Smaller Plate for a Small Waist

Smaller Plate for a Small Waist

Smaller Plate for a Small Waist

Can dining with a smaller plate help you lose weight?

Many people base their portion sizes relative to the size of their plates and bowls or utensils. People also feel the need to finish all of the food in front of them, even when they are no longer physically hungry.


This is often because people ‘mindlessly eat’ which can lead to overriding the bodies cues of feeling full.

It is also common etiquette to be polite and ‘clear the plate’ especially when someone else has done the cooking.

Brian Wansink a food psychology professor believes we have ‘mindless’ eating habits. He believes we eat with our eyes and not our stomachs. We can confuse our ‘head hunger’ with physical hunger which can lead to overeating.

Follow these 5 top tips to for a smaller waist.

1. Dine with a smaller plate

Dinner plate sizes can vary and be up to 13 inches in diameter. According to professor Wansink, the size of our dishes have increased by 22% since 1960.

As part of the small plate movement, it is recommended to use a side plate of up to 9-10 inches in diameter for your largest meal of the day.

If you reduce the size of your plate you will be reducing your portion size and calorie intake.

This is a great way to tackle head hunger. You can ‘clear the plate’ guilt free, haven eaten just the right amount to feel physically full!

2. Follow the plate model for weight loss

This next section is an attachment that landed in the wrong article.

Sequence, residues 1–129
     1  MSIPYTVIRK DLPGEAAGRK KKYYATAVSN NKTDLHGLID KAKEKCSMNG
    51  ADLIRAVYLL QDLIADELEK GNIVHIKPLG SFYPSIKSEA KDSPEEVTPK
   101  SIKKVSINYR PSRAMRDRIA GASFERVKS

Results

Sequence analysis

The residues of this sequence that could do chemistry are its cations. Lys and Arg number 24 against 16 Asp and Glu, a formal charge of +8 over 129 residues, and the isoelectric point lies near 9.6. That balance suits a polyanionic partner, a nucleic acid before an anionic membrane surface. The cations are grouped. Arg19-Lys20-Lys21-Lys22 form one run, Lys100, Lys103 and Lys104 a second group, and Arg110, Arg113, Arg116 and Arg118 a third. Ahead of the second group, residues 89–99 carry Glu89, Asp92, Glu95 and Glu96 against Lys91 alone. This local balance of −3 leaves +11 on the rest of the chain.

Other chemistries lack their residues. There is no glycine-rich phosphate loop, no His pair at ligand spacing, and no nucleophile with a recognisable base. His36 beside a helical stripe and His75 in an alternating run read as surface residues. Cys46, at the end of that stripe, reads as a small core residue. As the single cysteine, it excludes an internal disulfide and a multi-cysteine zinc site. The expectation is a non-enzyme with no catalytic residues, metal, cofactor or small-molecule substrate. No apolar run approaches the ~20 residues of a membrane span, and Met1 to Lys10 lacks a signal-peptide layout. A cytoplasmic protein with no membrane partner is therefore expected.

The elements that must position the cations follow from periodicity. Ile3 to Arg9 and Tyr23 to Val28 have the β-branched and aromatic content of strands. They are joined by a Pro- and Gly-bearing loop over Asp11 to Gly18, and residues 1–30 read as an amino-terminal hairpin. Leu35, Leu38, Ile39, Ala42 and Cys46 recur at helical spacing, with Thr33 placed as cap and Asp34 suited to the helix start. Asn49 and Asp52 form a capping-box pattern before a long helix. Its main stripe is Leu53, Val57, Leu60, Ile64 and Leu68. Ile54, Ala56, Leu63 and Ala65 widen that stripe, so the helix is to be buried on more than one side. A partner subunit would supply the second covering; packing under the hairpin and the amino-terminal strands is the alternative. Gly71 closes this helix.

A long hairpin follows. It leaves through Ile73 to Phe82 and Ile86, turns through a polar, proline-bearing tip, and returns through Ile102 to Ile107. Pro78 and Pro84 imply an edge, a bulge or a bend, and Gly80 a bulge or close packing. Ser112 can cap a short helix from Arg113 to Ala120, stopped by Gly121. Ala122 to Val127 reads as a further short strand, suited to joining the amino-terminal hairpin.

Fill 1/2 of your plate vegetables, 1/4 of lean protein and 1/4 of slow release starchy carbohydrates.

Always have a glass of water before eating and if you find you are still hungry after a meal, then wait at least 10 minutes before eating more. Sometimes, it takes a while for our brains to catch up with our stomachs to register we are full.

Also try drinking a glass of water after your meal, as our brains can confuse thirst for hunger.

Smaller Plate for a Small WaistIf you are still hungry, then simply increase your vegetable portions! There is no limit to how much vegetables you can have, as they are low in calories and packed full of nutrients!

3. Measure portions with smaller utensils

Try using a table spoon to measure a portion instead of a large serving spoon. For example, when serving cooked rice, a  portion would be about 80g which is equivalent to 3-4 heaped table spoons of rice.

Also trying using a teaspoon to measure fats and oils when cooking; it is easy to over pour oil, so this way you have full control of your portion! For weight loss you should only have two portions of fats and oils a day. For example, one portion = 1 teaspoon olive oil.

4. Drink from a tall glass

It’s okay to have a drink or a cheeky cocktail once in a while but alcohol is energy dense and can easily rack up the calorie count! Instead, pour your drink into a tall glass, top with ice and sip slowly through a straw.

This will trick your mind into thinking you’re having more!

A Study published in the BMJ  by Wansink and colleagues, revealed that the shape of a glass could affect our perception of the volume of drink being poured. The study revealed that experienced bartenders poured a higher volume of alcohol in short and wide glass compared to a tall and slender glass!

5. Don’t eat out of a packet

If you are having a snack such as popcorn, pretzels or crisps it is to over eat and mindlessly dip your hand in for more even when you are not physically hungry.

Instead, limit your portion to a small handful. Place your snack portion into a small dinner ware bowl relative to the portion size and nibble slowly, to prevent overeating.

Portion control is the best way to limit your calorie intake with out having to restrict whole food groups in your diet. So if you want a smaller waist, then use a smaller plate!

If you would like a tailored nutritional plan or personal advice for long term weight loss, then please feel free to contact me on my page! 

Connect with Expert Susan Anderson.